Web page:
He had a menial position, a savage brute for tutor, and few inclinations to the study exacted. He was not indeed, as perhaps never living creature in this world was, without his consolations: he could sing a song well, and, at a new insult or outrage, could blow off excitement through his flute with a kind of desperate mechanical vehemence.' At the worst he had, as he describes it himself, a ‘knack at hoping ;' and at all times, it must with equal certainty be affirmed, a knack at getting into scrapes.
Like Samuel Johnson at Oxford, he avoided lectures when he could, and was a lounger at the college gate. The popular picture of him in these Dublin University days, is little more than of a slow, hesitating, somewhat hollow voice, heard seldom and always to great disadvantage in the class-rooms ; and of a low-sized, thick, robust, ungainly figure, lounging about the college courts on the wait for misery and ill-luck.
His Edgeworthstown schoolfellow, Beatty, had entered among the sizars with him, and for a time shared his rooms. Mr. Prior describes them as the top-rooms adjoining the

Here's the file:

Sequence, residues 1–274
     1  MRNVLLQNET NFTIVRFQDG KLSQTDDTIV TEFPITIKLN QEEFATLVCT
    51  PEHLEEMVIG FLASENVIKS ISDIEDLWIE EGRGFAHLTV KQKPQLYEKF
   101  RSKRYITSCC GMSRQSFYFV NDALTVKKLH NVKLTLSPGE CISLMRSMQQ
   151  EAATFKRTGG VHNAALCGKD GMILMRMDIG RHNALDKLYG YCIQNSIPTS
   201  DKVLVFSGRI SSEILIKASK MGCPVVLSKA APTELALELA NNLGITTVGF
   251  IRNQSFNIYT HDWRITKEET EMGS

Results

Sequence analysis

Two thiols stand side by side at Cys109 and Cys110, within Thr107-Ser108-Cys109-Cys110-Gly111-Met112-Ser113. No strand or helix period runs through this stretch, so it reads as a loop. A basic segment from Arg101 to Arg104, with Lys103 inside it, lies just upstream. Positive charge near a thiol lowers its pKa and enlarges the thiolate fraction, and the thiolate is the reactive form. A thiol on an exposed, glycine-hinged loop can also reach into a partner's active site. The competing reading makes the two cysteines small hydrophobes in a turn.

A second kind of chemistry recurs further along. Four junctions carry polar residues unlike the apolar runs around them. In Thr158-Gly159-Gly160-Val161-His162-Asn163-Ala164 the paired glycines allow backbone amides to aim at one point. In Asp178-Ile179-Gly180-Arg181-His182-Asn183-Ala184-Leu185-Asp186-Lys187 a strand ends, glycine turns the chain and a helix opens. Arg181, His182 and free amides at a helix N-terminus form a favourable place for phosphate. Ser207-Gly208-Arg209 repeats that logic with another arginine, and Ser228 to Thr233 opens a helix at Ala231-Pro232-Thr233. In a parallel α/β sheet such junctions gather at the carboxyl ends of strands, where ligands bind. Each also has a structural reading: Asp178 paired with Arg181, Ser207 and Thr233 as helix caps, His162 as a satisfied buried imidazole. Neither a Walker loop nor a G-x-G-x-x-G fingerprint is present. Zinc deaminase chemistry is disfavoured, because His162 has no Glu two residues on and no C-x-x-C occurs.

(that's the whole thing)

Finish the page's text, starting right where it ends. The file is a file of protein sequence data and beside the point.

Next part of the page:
library of the building numbered 35, where the name of Oliver Goldsmith may still be seen, scratched by himself upon a window-pane. Another sizar, Marshall, is said to have been another of his chums. Among his occasional associates, were certainly Edward Mills, his relative; Robert Bryanton, a Ballymahon youth, also his relative, of whom he was fond; Charles and Edward Purdon, whom he lived to befriend ; James Willington, whose name he afterwards had permission to use in London, for low literary work he was ashamed to put his own to; Wilson and Kearney, subsequently doctors and fellows of the college; Wolfen, also well known; and Lauchlan Macleane, whose political pamphlets, unaccepted challenge to Wilkes, and general party exertions, made a noise in the world twenty or thirty years later. But it is a saying of Johnson that not till a man becomes famous, are any wonderful feats of memory or condescension performed respecting him ; and it seems tolerably evident that, with the exception of perhaps Bryanton and Beatty, not one owner of the names recounted put himself in friendly relation with the sizar, to elevate, assist, or cheer him. Richard Malone, afterwards Lord Sunderlin ; Bernard, Marlay, and Stopford, afterwards worthy bishops of those names; found nothing more pleasant than to talk of their old fellow-collegian * Doctor Goldsmith,' in the painting-room of Reynolds : but nothing, I suspect, so difficult, thriving lads as they were in these earlier days, than to vouchsafe recognition to the unthriving, depressed, insulted Oliver.